The Library of Virginia is pleased to announce a new digital collection: the Kaine Administration Cabinet Weekly Reports Collection (2006-2009). Accessible through Digitool (and linked to from the “Related Content” section of the Kaine Email Project @ LVA page), this collection consists of weekly reports submitted to Governor Tim Kaine by the governor’s cabinet members, advisors, policy, press, and constituent services offices, and the Virginia Liaison Office. Reports were submitted each Thursday and placed in a binder for the governor that he took with him at the end of the day on Friday. While the level of detail varies, each report contains information on legislation, Governor’s initiatives and special projects, agency matters and operations, events and agency visits, audits or investigations, stakeholder issues, and pending decisions. This collection, which is full-text searchable, provides a weekly account of the issues and policy decisions of the Kaine Administration.
The Battle of Hampton Roads was one of the most important naval battles in the American Civil War. It was fought over two days, 8-9 March 1862, in Hampton Roads, Virginia. During the CW150 Legacy Project we uncovered a letter from a Union soldier who was at the battle and wrote home about what he had witnessed. The letter was written on 15 March 1862 by John “Johnnie” Torrance while he served with the 2nd New York Infantry Regiment, Company H and was stationed at Camp Butler, Newport News, Virginia.
In the letter written to “Libbie,” Torrance describes the naval battle he witnessed stating “I suppose you have heard of [it] before this time. I though[t] you would have saw something about it in the paper.” Torrance mostly describes the first day of the battle – detailing the attack by the CSS Virginia and CSS Patrick Henry and CSS Jamestown on the USS Cumberland and USS Congress. The Virginia rammed the Cumberland causing it to sink and taking nearly 150 lives. The captain of the Congress ran his ship aground in shallow waters and after some combat the ship surrendered. While the crew was being ferried off the ship a Union battery on the north shore opened fire on the Virginia. In response the Virginia fired with hot shot (cannonballs heated red-hot) … read more »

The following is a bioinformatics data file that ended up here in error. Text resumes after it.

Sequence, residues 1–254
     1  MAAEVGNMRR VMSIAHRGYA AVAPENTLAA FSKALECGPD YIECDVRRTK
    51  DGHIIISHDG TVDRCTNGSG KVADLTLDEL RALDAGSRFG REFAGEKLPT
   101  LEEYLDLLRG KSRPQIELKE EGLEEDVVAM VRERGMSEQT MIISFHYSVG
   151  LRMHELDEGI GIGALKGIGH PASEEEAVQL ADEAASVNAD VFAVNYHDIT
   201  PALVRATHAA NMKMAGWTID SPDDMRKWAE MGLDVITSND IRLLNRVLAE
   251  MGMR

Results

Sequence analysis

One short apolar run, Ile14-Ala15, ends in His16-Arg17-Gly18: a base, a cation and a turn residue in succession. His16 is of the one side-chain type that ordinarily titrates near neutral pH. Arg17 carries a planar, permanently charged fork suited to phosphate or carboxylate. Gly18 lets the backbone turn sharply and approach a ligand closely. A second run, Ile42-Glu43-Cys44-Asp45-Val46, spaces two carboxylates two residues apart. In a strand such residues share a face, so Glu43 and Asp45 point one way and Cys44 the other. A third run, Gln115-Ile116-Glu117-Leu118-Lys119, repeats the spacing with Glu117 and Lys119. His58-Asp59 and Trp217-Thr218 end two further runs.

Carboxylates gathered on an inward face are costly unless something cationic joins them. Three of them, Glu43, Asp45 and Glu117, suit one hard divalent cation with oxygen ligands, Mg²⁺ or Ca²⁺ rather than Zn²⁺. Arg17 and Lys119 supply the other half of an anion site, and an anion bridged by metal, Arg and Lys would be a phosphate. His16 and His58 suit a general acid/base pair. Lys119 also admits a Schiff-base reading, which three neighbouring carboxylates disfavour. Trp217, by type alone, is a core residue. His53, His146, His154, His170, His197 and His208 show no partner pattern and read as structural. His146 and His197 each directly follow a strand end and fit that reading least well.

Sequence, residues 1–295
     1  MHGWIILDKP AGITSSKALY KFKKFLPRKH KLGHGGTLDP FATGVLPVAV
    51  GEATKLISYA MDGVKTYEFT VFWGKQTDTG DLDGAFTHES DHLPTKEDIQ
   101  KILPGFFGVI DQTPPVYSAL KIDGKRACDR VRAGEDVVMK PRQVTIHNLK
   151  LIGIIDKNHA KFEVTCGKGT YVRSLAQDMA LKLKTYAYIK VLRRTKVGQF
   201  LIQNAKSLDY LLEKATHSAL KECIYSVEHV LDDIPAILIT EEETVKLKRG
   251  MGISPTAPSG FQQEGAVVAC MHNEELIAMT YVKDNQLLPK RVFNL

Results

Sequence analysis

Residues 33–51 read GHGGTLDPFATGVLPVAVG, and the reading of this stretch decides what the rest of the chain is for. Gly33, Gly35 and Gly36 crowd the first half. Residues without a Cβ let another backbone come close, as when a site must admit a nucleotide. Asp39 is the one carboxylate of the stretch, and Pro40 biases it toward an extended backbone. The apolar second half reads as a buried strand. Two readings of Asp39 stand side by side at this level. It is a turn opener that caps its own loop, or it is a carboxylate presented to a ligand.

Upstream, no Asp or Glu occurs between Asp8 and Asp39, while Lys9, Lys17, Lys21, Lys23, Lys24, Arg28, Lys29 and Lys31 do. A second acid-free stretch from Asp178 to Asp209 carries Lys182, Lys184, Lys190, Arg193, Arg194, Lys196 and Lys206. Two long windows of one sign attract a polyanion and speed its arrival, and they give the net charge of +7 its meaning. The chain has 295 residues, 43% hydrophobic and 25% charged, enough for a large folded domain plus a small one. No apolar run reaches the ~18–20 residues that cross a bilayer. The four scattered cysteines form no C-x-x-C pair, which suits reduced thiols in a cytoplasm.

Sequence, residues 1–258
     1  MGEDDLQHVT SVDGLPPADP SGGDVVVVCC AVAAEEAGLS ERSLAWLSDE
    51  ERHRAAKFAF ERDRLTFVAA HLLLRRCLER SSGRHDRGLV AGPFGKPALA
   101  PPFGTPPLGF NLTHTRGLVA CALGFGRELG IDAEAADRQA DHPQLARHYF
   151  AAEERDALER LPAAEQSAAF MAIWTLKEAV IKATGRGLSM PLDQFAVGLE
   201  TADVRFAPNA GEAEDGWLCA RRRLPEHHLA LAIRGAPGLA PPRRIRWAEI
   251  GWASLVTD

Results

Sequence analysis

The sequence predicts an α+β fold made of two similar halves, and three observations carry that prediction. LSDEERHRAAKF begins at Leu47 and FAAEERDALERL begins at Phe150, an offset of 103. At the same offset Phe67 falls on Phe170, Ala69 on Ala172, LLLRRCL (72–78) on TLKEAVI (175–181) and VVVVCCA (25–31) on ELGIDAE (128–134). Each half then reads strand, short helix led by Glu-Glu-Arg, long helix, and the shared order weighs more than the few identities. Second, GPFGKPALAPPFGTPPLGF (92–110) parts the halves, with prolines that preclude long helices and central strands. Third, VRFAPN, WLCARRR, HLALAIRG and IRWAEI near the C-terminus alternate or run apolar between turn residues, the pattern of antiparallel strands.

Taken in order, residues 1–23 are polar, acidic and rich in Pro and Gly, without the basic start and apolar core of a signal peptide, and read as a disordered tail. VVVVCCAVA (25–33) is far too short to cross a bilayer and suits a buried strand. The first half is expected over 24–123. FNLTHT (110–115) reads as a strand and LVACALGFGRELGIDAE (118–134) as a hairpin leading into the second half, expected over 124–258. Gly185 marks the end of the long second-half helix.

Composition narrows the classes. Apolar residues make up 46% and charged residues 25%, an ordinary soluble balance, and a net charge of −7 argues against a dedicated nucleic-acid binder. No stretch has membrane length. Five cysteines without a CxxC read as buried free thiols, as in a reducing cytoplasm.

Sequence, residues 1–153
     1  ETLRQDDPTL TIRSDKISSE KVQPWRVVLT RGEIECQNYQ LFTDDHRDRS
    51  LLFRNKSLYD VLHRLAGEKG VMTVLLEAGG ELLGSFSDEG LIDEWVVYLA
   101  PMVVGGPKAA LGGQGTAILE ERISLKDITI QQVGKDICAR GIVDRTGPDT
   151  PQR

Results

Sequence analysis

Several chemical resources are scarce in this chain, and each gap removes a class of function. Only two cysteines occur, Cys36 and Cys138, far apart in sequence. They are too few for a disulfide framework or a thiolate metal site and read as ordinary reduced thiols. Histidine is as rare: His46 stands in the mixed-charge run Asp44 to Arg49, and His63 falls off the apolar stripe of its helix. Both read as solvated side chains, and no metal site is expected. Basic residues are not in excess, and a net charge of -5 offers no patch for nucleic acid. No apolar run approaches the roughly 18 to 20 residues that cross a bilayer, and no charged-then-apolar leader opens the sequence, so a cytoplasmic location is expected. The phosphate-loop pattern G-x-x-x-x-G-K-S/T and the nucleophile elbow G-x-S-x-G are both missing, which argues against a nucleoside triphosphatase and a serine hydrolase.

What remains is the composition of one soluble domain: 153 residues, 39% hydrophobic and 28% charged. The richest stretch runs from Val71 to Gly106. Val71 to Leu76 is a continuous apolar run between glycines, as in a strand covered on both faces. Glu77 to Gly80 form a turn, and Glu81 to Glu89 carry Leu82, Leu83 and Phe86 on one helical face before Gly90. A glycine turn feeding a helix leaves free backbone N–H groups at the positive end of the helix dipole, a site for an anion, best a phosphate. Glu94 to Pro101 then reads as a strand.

In the summer of 2012, the Library Development and Networking Division started a project that included loaning scanners and computers to Virginia libraries in the hope of bringing to light hidden local history collections housed in public libraries. These collections hold items of local interest and historical value, and many of these items are unique to their region or locality. This project was started and continues to be funded with grants provided by the Library Services and Technology Act (LSTA). The Institute of Museum and Library Services (IMLS), whose mission is to create strong libraries and museums that connect people with ideas, administers LSTA funds.
A team of Library of Virginia staff traveled to public libraries to deliver the scanners and peripheral equipment, providing training on using the equipment, guidance on organizing materials to be digitized as well as file-naming conventions, and conducting an assessment of items to determine their value for scanning.
In August 2012, the LVA team visited the Halifax County South Boston Public Library. As part of the discovery process, the team was told about a safe located in the local history room of the library. While library staff believed that this safe might contain some important documents that should be scanned, no one had been able to open the safe even with instructions provided. Luckily, LVA’s former Local Records Director (and … read more »
These photographs from the Fredericksburg Dog Mart capture the heyday of an event that traces its roots to 1698.
At that time, one day a year was set aside by law to accommodate trade between the Manahoac Tribe (and later, the Pamunkey and Mattaponi) and English settlers in the area that later became Fredericksburg. The Native Americans would provide furs and produce in exchange for English hunting dogs. This practice occurred annually until the start of the Revolutionary War.
An annual dog mart resumed in 1927, known then as the Dog Curb Market, and coincided with the start of hunting season — the event gave hunters an opportunity to purchase hunting dogs. The dog mart also drew wider attention: it was featured in a Pathé Newsreel in 1928, and Time magazine wrote an article about it in 1937. By the following year, the dog mart drew a crowd of 7,000 people and 641 dogs.
The event was suspended during World War II but was restored in 1948 by the Fredericksburg Chamber of Commerce. In 1949, the dog mart … read more »